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UK sales agreements

When goods are bought and sold, a contract is formed between the buyer and the seller. The contract might not be in writing. For example, someone buying groceries from a supermarket won't leave with any documents except the till receipt, but will have entered into a contract nonetheless. The buyer will have rights and the supermarket will have obligations.

When your business sells goods, you'll want to set out the terms of your dealings in writing. This section outlines some issues to consider when you draft a contract or terms and conditions for selling your goods or services.

These will be of interest to sellers and buyers alike.

Sale of goods contracts

This section looks at what you can find in a typical contract for the sale of goods, including some of the obligations of the seller, and rights and remedies of the buyer. It also includes a discussion on exclusion terms and unfair contract terms. Consumers have greater protection in sale of goods contracts than business customers.

Business-to-business contracts made electronically

There are special regulations that apply to contracts made electronically, whether the buyer is another business or a consumer. This section looks at these requirements for e-commerce sales to businesses.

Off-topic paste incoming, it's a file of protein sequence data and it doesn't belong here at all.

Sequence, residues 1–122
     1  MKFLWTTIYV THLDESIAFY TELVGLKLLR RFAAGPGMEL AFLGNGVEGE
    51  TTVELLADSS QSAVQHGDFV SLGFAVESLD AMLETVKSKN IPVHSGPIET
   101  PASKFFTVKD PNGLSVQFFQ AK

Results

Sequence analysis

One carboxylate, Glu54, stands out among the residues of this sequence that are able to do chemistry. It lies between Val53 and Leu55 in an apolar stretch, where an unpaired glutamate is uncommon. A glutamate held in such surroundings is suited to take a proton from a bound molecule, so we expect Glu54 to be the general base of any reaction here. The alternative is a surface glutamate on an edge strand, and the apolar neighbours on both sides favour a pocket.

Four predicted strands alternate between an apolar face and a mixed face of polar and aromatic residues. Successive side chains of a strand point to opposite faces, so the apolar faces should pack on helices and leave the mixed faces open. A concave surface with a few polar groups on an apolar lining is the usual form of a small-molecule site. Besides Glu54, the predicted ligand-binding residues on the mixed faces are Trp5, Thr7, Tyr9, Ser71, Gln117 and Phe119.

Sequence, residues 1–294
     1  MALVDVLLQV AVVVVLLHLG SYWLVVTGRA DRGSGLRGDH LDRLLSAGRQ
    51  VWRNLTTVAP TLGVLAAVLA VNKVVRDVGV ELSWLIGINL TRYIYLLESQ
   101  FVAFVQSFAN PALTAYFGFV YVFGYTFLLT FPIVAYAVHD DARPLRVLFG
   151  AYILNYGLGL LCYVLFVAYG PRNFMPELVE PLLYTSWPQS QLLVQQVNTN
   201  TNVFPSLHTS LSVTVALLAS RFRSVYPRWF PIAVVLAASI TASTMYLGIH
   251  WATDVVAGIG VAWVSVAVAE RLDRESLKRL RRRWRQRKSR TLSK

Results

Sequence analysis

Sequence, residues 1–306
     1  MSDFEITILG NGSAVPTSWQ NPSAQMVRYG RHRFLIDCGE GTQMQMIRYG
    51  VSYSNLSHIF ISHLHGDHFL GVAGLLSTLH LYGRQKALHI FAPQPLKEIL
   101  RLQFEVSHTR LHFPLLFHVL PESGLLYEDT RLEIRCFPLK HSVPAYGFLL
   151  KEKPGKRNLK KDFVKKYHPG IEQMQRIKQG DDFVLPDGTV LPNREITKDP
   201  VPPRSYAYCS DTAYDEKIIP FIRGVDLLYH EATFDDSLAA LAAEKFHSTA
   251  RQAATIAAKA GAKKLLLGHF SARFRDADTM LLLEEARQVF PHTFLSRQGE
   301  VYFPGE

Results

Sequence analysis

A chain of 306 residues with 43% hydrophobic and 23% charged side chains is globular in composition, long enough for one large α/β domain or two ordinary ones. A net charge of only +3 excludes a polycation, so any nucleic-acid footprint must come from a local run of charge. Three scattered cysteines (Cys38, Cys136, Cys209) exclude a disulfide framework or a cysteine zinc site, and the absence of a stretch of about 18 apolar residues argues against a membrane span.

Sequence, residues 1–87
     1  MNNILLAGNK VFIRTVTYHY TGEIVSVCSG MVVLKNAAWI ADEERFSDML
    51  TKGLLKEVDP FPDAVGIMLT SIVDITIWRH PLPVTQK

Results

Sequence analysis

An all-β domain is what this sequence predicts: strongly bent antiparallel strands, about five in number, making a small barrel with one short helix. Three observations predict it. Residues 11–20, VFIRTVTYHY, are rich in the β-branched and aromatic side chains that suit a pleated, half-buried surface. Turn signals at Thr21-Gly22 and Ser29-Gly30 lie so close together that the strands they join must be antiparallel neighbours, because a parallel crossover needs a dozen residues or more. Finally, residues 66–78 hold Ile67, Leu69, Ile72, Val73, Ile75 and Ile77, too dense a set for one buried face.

Regulatory requirements for consumer contracts

There is greater protection for consumers, with detailed regulations governing the information that must be given to them before they enter into contracts.

In sale-of-goods contracts that aren't made entirely face to face, special rules give consumers certain rights, like cancellation rights. This section looks at your responsibilities if you sell goods or services in this way.

Consumer protection

This section looks at how consumers are protected if you sell them a defective product.

Agency and distribution agreements

Two of the most common marketing agreements are agency and distribution agreements. Drafting these kinds of agreements can be quite complicated. This section looks at these agreements in detail.

Competition law

This section deals with how the law prevents anti-competitive behaviour by businesses. This is relevant to the kind of terms your distribution agreement can contain.

Related services

What is the law guide

The Desktop Lawyer law guide aims to present the law to you in a comprehensive yet jargon-free and easy-to-read format. Our law guide is constantly kept up to date with changes in business and family law by our team of in house solicitors, and includes information across all the legal jurisdictions in the UK.

Our law guide is free to use. Where we provide documents related to this area of law, or where they may help you with any legal issue in this area, they will be listed to the right of this message.

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